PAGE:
Diffusion Tensor Imaging (DTI) enables the in vivo, non-invasive assessment of neurodegeneration, white matter (WM) disruption, and synaptic damage in patients with Alzheimer's disease (AD) (10). Emerging research suggests that WM changes may serve as a marker for pathological significance, potentially offering a promising target for the early diagnosis of dementia (11). The evidence regarding the association between CSF GAP-43 and WM microstructure in the AD continuum is currently insufficient. Given the potential predictive role of CSF GAP-43 for AD, the current study aimed to investigate the relationship between CSF GAP-43 levels and DTI-detected microstructural changes in the WM.


Materials and Methods


Data Acquisition

The data for this investigation was obtained from the Alzheimer's Disease Neuroimaging Initiative (ADNI) database (adni.loni.usc.edu). ADNI was established in 2003 as a public-private partnership directed by Principal Investigator Michael W. Weiner, MD. The primary objective of ADNI is to assess the progression of mild cognitive impairment (MCI) and early Alzheimer's disease (AD) by combining serial PET, MRI, biological markers, and clinical and neuropsychological measures. The most up-to-date information is available at www.adni-info.org.



The study included baseline data from participants in the ADNI-2 and ADNI-GO cohorts who had available CSF GAP-43 and DTI statistical results. The sample comprised 39 control normals (CN), 138 MCI, and 39 AD subjects. All MCI subjects were diagnosed based on the following criteria: Mini-Mental State Examination (MMSE) scores between 24 and 30, a memory complaint, objective memory loss measured by education-adjusted scores on the Wechsler Memory Scale Logical Memory II, a Clinical Dementia Rating (CDR) of 0.5, absence of significant impairment in other cognitive domains, essentially preserved activities of daily living, and absence of dementia.


CSF GAP-43 Measurement

The cerebrospinal fluid (CSF) levels of growth-associated protein 43 (GAP-43) were measured using an in-house enzyme-linked immunosorbent assay (ELISA) method developed at the Clinical Neurochemistry Lab, University of Gothenburg, Sweden. The ELISA was developed by using a combination of the monoclonal GAP-43 antibody NM4 as the coating antibody and the polyclonal GAP-43 antibody ABB-135 as the detector antibody, which recognizes the C-terminal of GAP-43. The ELISA assay range for CSF-GAP43 was from 312 to 20,000 pg/ml. Quality control CSF samples were provided by the Clinical Neurochemistry Laboratory, Sahlgrenska University Hospital, Mölndal, Sweden. The details of the ELISA assay for the measurement of CSF GAP-43 have been described previously.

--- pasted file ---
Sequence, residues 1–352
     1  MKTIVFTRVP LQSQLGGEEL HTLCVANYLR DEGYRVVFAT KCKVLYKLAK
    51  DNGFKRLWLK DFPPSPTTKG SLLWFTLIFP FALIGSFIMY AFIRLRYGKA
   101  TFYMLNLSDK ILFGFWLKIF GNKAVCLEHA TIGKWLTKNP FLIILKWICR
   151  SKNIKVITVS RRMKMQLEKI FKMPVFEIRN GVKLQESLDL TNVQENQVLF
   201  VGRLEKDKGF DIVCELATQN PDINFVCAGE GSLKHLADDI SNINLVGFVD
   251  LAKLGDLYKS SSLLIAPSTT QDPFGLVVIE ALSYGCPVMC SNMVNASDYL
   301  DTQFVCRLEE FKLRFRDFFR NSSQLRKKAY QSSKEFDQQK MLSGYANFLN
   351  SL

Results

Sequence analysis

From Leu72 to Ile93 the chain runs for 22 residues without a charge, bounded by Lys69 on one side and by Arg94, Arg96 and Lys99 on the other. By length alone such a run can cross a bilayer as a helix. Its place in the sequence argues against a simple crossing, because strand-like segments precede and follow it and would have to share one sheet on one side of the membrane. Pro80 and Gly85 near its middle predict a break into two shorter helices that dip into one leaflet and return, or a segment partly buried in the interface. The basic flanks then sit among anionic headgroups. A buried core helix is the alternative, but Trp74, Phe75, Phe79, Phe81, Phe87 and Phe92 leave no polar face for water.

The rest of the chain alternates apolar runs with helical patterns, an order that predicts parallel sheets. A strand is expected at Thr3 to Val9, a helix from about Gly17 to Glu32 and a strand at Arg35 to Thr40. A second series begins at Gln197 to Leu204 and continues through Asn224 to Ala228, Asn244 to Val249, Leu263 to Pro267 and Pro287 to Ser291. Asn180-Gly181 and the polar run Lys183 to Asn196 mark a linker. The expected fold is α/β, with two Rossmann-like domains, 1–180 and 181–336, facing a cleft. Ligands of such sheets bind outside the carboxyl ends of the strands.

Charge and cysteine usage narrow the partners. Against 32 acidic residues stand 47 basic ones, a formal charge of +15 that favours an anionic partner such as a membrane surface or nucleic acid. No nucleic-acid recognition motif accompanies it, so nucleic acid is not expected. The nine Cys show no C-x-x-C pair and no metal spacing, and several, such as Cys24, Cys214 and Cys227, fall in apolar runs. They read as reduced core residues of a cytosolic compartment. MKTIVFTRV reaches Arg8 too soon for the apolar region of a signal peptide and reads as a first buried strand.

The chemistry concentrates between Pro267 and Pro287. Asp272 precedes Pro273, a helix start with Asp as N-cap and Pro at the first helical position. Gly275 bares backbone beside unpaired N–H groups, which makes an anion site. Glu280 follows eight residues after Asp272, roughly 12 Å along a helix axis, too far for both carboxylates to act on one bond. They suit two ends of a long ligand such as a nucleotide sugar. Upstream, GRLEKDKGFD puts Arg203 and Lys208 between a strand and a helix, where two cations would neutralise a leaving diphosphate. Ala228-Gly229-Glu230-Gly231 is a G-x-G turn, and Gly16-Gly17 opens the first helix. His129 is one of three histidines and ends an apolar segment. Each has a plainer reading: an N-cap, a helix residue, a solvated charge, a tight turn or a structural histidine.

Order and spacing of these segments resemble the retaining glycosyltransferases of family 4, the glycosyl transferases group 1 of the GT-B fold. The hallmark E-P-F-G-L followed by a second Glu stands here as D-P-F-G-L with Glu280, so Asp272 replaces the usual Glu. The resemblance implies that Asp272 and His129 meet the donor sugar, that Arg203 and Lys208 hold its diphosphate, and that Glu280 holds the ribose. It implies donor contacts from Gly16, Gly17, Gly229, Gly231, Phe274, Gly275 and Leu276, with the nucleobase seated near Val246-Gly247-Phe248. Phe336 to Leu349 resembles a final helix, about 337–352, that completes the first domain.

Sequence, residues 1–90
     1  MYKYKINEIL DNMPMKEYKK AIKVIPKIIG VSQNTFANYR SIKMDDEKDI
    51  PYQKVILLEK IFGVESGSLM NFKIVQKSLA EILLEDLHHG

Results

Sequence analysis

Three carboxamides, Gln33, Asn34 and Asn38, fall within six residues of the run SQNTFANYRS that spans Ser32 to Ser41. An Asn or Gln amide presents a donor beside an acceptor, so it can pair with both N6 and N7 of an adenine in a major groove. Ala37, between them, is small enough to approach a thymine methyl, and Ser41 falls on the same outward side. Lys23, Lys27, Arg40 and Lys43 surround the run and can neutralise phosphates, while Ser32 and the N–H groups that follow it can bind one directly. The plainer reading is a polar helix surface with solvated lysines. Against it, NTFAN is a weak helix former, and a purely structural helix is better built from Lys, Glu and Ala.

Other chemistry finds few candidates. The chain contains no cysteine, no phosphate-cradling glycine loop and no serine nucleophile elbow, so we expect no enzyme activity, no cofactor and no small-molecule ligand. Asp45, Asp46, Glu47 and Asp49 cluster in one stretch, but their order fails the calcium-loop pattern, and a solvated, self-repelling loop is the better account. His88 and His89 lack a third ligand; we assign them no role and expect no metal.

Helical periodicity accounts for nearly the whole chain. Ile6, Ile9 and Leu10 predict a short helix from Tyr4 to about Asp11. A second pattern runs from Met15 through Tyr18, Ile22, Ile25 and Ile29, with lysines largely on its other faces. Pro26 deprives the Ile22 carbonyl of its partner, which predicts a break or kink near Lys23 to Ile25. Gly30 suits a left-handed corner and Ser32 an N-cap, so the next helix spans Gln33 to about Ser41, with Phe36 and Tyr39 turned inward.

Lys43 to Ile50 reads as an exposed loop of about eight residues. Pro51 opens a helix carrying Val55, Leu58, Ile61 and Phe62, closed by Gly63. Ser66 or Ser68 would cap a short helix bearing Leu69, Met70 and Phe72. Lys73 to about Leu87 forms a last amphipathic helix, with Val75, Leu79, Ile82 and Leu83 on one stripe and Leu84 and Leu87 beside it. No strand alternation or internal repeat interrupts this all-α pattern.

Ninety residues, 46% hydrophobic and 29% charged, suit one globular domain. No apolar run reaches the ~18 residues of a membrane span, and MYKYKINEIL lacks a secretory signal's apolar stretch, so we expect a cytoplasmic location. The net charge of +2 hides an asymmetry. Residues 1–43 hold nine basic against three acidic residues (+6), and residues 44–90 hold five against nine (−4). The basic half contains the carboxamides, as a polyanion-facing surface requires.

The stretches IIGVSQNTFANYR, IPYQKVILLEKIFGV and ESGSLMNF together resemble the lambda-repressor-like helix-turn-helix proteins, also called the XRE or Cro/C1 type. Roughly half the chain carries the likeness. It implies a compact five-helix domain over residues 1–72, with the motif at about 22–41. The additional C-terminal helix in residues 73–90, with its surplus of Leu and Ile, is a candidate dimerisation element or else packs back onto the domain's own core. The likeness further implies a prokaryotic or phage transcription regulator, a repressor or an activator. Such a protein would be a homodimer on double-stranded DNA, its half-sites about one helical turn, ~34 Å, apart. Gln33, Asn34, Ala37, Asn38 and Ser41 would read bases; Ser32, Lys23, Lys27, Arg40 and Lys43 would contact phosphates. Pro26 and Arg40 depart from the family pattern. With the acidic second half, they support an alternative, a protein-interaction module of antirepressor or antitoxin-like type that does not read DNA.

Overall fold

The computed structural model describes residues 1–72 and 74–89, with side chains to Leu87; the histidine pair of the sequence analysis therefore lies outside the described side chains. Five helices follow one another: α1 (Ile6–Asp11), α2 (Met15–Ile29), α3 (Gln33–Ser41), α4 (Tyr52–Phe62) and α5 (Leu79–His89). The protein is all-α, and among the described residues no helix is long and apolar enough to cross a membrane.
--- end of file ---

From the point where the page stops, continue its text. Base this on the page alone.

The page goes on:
DTI Processing and Image Analysis

The results of the DTI regions of interest (ROI) analysis were downloaded from the ADNI cohort. DTI scans underwent normalization using the Montreal Neurological Institute and Hospital (MNI) nu_correct tool (www.bic.mni.mcgill.ca/software/). Non-brain tissues were removed using the Brain Extraction Tool (BET) from FSL (12). The T1-weighted image was aligned to a version of the Colins27 brain template (13) using FSL's flirt (14). A single diffusion tensor was modeled at each voxel in the brain [19]. Scalar anisotropy and diffusivity maps were obtained from the resulting diffusion tensor eigenvalues (λ1, λ2, λ3). Fractional anisotropy (FA), mean diffusivity (MD), radial diffusivity (RD), and axial diffusivity (AxD) were calculated. Lower FA and higher RD, AxD, and MD are related to demyelination and degeneration in white matter. The FA image from the Johns Hopkins University (JHU) DTI atlas was registered to each subject using a shared information-based elastic registration algorithm. To prevent label intermixing, nearest-neighbor interpolation was used to apply the deformation to

Figure1. Association between CSF-GAP43 and DTI measures in CN subjects.